Many injuries occur near joints where two or more bones come together. Knees, ankles, wrists and other joints can be broken or sprained from twisting or impact. When you have a painful, injured joint, it is important to know how to tell a sprain from a break. Here are the differences between a sprain vs fracture to determine the best type of treatment.
Joints in the body connect two or more bones and allow the bones to move in different directions. Ligaments are the soft tissues that connect the ends of the bones but stretch enough to allow them to move. When an injury occurs that involves a joint, the bones can shift beyond the normal range of motion, stretching the ligaments. Twisting or impact to a forearm, shin, ankle, thigh or knee can cause stress on both the bones and ligaments. If only the ligaments are damaged, you may have a sprain vs a fracture.
What Is a Sprain?
A sprained ankle, wrist or knee means the ligaments in the joint were damaged. This is a common injury that occurs in vehicle wrecks, sports injuries and falls. Sprains can be mild to severe, depending on the extent of damage to the ligaments. A mild to moderate sprain is due to stretching and tear of the ligaments. A severe sprain involves a torn ligament that may be completely torn in half or disconnected from the bone.
A joint sprain is painful and at first glance, you may not know whether it’s a sprain vs fracture. Both can have similar symptoms, especially if it is a severe sprain. Some of the symptoms you may experience when you sprain your knee, ankle or wrist include:
- Throbbing or sharp pain around the joint
- Swelling around the joint
- Stiffness in the joint
- Increased pain when putting pressure on the joint
Sprained joints tend to hurt more within 24 hours than when the injury first occurs. However, with rest, ice and elevation, a mild to moderate sprain will begin to feel better in a few days and it can heal over a week or two. This is different than a broken bone, which has more intense symptoms initially that can alert you to a fracture versus a sprain.
Symptoms of a Fractured Joint
Most fractures or broken bones occur with impact injuries or intense pressure on the joint. When you twist your ankle or knee, it is more likely to result in a sprain vs fracture. However, if the joint is twisted with an impact or velocity, a fracture can occur to one of the bones connected in the joint. Symptoms of a fractured joint include the same symptoms as a sprain, but also include:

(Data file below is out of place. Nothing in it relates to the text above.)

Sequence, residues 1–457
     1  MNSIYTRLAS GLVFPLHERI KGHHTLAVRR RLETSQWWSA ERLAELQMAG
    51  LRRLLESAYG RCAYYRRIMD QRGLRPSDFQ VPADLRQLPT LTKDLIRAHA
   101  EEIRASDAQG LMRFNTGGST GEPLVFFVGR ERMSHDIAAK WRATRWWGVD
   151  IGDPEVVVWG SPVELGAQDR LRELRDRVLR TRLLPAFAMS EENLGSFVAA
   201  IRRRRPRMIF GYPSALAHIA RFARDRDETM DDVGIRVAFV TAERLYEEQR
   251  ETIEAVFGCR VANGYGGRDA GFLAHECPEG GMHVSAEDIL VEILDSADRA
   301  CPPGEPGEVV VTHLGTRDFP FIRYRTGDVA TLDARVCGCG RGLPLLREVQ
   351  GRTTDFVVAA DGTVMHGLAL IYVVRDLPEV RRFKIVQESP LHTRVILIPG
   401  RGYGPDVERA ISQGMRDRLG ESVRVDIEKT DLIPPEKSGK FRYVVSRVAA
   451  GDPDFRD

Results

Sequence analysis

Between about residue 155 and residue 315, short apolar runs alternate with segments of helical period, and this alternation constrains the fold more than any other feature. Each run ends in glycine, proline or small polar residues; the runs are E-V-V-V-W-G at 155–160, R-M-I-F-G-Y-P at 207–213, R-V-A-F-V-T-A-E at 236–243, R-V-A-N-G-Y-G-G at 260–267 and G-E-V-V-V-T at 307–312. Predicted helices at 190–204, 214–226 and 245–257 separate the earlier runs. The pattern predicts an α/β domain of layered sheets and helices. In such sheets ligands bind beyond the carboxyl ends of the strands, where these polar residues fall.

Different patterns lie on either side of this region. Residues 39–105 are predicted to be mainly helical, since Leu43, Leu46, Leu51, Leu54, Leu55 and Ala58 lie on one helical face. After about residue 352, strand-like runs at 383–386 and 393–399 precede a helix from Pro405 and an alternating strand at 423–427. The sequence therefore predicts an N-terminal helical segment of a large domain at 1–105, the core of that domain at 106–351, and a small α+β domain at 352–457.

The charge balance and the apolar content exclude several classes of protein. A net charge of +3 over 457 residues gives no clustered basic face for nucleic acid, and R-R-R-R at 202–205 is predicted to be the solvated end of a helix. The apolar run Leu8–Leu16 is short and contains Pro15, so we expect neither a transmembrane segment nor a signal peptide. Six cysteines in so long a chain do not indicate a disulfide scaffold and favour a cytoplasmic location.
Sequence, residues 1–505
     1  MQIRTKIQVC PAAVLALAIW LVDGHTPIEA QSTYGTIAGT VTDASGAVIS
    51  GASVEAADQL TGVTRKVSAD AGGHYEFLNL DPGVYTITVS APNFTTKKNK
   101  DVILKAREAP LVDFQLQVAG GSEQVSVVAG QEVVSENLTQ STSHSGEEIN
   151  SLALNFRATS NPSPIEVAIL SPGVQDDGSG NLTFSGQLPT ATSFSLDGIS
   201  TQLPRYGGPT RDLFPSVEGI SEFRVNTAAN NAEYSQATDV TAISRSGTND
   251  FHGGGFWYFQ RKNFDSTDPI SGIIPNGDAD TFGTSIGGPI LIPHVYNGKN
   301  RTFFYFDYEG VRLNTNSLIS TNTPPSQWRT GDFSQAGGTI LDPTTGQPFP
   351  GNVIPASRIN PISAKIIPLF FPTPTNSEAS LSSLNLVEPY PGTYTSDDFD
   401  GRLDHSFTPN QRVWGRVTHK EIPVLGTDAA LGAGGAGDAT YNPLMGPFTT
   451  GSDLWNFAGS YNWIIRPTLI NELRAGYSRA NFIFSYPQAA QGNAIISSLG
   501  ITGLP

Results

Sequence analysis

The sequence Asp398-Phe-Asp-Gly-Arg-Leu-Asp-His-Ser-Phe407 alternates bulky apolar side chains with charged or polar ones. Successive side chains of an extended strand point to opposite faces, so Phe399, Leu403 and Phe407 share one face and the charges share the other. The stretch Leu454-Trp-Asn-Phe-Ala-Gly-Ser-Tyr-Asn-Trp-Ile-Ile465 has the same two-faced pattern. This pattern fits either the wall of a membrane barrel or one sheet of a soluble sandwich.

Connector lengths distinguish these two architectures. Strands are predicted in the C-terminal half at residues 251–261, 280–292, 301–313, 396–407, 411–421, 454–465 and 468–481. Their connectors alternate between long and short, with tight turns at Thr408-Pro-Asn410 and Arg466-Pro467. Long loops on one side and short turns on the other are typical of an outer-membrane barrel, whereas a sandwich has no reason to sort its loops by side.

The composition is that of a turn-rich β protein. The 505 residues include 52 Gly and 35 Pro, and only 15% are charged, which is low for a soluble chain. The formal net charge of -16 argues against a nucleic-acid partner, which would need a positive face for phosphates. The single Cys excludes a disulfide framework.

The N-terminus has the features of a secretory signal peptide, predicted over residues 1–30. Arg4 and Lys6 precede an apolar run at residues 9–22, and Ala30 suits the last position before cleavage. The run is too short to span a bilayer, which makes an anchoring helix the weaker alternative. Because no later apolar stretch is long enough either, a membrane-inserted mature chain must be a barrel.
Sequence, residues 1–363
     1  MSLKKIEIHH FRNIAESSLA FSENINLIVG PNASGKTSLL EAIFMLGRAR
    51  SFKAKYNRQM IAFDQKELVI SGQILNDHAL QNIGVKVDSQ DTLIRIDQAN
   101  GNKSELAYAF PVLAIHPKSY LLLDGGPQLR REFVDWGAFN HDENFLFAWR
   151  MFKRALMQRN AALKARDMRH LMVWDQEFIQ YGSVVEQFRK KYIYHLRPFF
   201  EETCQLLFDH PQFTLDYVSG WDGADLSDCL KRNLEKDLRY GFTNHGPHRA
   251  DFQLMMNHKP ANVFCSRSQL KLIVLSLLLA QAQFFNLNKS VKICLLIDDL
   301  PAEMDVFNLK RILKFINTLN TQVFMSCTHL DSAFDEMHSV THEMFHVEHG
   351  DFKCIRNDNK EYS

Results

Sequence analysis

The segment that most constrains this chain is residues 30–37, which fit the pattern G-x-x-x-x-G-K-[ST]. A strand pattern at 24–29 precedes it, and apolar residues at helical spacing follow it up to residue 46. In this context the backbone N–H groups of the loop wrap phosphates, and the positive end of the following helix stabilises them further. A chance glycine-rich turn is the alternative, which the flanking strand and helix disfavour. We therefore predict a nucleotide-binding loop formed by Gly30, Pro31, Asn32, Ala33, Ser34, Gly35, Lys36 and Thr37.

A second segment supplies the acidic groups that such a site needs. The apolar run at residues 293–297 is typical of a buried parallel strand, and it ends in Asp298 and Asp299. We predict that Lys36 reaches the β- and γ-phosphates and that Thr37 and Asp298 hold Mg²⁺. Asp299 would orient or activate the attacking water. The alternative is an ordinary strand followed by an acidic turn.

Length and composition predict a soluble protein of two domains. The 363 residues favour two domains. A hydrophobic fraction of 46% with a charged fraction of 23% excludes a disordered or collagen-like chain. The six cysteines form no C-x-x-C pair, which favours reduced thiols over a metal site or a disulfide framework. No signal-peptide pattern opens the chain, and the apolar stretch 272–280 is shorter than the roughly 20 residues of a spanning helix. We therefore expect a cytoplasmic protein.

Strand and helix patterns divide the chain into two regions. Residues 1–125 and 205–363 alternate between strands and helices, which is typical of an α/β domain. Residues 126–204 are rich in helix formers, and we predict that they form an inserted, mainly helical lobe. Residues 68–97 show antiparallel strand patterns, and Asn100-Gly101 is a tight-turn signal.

- Intense pain at time of injury
- Inability to put weight or pressure on the joint
- The joint looks disfigured
- Dark bruising and discoloration
The main difference between a sprain vs fracture is the intensity of pain and whether you can use the joint at all. The best way to tell a sprain from a break is to try and use the joint. If you try to walk on a broken knee or ankle, it is not possible. While it may be painful with a sprain, you can usually put some weight on the leg and limp.
Treatment for a Sprain vs Fracture
As stated earlier, sprains can often heal on their own if they are not severe. A sprained wrist, ankle or knee has a torn or stretched ligament that needs to rest and heal over several days or more. Treatment for mild to moderate sprains can include rest, ice and elevation. A brace or wrap may be used to provide compression and stability to the joint while it heals. Severe sprains may require surgery if the ligament was completely torn, and some patients may need physical therapy or rehabilitation after any sprain.
Fractures can heal on their own, but they may not heal correctly or in alignment. It is vital that broken bones are x-rayed and receive medical treatment. Simple fractures can be allowed to heal with the help of a brace, cast or boot that stabilizes the joint. More complex fractures may need to be reduced or reset to align the bones, or surgery may be required to repair the bone.
How to tell a sprain from a break is not always easy, which is why you should see a doctor when you have any significant joint injury. You do not want to delay getting treatment, as it could impact the future mobility of your joint. If you have a swollen, bruised or painful joint injury, call your doctor or head to an urgent medical care center to determine whether it is a sprain or fracture.